In Norway a local Lebensborn office, Abteilung Lebensborn, was established in 1941 with the task of supporting children of German soldiers and their Norwegian mothers, pursuant to German law (Hitlers Verordnung, July 28, 1942). The organization ran several homes where pregnant women could give birth. Facilities also served as permanent homes for eligible women until the end of the war. Additionally, the organization paid child support on behalf of the father, and covered other expenses, including medical bills, dental treatment and transportation.

In total, between 9 and 15 Lebensborn homes were established. Of the estimated 10,000 - 12,000 children born by German fathers and Norwegian mothers during the war, 8,000 were registered by Abteilung Lebensborn. In 4,000 of these cases the father is known.

During and after the war, the Norwegians commonly referred to these children as tyskerunger, translating as "German-kids" or "Kraut kids", a derogatory term. (As a result of later recognition of their post-war mistreatment, the more diplomatic term krigsbarn (war-children) came into use and is now the generally accepted form).

Post-war years

As the war ended the children and their mothers were viewed as outcasts by many among the general populace who felt antagonized by the war and everything that had to do with Germany. The children and their mothers experienced isolation and many children were bullied by other children, and sometimes by adults, due to their origin. Immediately after the peace 14,000 women were arrested, 5,000 were without any judiciary process placed in forced labor camps for a year and a half. Their heads were shaved and they were beaten and raped. In an interview for the Swedish newspaper Dagens Nyheter it is claimed by warchildren that in an orphanage in Bergen the little children were forced to parade on the streets so the local population could whip them and spit at them.

In a survey conducted by the Ministry of Social Affairs in 1945, the local government in one third of the counties expressed an unfavorable view of the war children. The same year the Ministry of Social Affairs briefly explored the possibility of reuniting the children and their mothers with surviving fathers in post-war Germany, but decided not to.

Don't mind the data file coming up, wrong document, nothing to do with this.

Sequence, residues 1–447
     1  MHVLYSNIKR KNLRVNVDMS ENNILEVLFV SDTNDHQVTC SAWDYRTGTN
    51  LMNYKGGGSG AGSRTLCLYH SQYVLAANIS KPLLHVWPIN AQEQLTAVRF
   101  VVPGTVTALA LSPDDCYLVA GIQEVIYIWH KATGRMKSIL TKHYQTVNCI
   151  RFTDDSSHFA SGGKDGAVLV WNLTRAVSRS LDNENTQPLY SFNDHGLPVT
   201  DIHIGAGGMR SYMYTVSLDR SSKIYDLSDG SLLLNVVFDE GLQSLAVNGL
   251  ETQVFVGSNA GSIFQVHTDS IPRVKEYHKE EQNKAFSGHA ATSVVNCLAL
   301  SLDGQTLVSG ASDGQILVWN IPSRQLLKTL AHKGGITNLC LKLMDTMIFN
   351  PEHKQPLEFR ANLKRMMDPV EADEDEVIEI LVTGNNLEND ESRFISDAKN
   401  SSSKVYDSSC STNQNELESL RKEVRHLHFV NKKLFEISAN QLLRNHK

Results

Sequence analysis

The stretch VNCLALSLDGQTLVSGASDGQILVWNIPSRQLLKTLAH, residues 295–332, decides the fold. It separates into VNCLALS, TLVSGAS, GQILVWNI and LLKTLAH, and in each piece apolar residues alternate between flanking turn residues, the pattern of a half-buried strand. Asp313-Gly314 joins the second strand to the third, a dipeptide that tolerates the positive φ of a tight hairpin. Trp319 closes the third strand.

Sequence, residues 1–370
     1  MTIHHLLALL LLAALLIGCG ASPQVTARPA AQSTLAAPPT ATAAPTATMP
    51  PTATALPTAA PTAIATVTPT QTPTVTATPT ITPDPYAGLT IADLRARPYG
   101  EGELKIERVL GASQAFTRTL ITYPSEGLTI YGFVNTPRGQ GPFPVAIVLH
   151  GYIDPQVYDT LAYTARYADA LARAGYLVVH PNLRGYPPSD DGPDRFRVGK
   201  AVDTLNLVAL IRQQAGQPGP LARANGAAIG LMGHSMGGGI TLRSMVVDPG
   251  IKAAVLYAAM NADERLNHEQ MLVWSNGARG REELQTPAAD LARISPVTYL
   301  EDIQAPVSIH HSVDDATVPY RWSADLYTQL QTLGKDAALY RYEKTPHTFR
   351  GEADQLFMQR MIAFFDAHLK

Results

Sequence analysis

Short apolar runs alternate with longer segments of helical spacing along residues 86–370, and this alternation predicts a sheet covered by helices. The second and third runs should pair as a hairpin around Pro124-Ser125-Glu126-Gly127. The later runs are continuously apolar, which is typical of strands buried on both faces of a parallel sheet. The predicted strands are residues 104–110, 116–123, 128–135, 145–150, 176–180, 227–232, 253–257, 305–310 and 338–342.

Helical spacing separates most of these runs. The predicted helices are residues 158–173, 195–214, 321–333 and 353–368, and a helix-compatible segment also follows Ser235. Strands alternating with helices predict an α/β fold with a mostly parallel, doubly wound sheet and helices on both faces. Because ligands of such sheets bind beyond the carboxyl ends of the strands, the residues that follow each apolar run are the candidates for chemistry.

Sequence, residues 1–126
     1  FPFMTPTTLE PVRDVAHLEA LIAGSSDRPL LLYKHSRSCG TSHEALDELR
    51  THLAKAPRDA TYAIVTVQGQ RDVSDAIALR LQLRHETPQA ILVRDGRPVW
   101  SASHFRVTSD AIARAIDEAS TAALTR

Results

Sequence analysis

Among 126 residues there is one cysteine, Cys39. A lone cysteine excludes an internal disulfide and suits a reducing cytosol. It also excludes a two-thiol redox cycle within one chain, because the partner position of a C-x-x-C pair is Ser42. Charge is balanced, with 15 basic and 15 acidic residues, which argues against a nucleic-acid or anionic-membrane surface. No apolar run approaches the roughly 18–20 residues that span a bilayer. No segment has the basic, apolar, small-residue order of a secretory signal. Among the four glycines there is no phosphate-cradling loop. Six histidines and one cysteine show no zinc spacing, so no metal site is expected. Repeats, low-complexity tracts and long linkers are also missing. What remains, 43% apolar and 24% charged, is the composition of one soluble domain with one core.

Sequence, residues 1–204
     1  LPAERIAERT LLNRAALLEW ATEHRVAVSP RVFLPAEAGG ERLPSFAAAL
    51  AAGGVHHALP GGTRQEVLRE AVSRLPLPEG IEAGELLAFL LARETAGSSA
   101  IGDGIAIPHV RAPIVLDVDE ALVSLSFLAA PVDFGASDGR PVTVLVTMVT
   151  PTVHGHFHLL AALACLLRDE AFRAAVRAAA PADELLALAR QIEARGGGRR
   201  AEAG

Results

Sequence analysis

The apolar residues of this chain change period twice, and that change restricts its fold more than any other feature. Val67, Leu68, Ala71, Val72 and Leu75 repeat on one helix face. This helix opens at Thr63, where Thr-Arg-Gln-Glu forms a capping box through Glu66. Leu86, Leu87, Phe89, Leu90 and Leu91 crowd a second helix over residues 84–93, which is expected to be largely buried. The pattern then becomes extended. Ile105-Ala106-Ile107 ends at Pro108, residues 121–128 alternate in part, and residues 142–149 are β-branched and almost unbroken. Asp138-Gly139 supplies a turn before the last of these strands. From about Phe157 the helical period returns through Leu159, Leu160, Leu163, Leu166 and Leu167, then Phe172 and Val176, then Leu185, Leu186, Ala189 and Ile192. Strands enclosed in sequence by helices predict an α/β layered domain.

500 children who were still living in Lebensborn homes at the end of the war had to leave as homes were closed down. Some children were left to state custody during a time when such care was marked by strict rules, insufficient education and abuse. Approximately 20 children ended up in a mental institution in 1946 due to lack of space in other institutions and unsuccessful adoption attempts, where some remained past their 18th birthday.

The Norwegian government also made plans to forcibly deport 8000 children and their mothers to Australia.

Financial and legal issues

In 1950, diplomatic relations made it possible for the Norwegian government to collect child support from those fathers living in West-Germany and Austria, and as of 1953 such payments were made. Child support from fathers living in East-Germany was kept in locked accounts until diplomatic relations between the two countries was established in 1975.

Some of the war children have tried to obtain official recognition for past mistreatment, which some claim equates to an attempt at genocide. In December 1999, 122 war children brought a claim before the courts (only 7 signed the claim, which was a case to test the boundaries of the law). The courts have found any claims void due to the statute of limitations.

However, an arrangement in Norway allows citizens who have experienced neglect or mistreatment by failure of the state to apply for "simple compensation" (an arrangement is not subject to the statute of limitations). In July 2004 the government expanded this compensation program to include war children who had experienced only minor difficulties. The basic compensation rate is set to 20,000 NOK (€2,500 / $3,000) for what Norwegian government terms "mobbing" (bullying). Those who are able to produce evidence of abuse can receive up to 200,000 NOK (25,000 € / $30,000).

On 2007-03-08, 158 of the war children were to have their case heard at the European Court of Human Rights in Strasbourg. They were demanding reparations of between 500,000 SEK (≈ 431,272 NOK) and 2,000,000 SEK (≈ 1,725,088 NOK) each for systematic abuse. The Norwegian government contested the claim that the children were mistreated.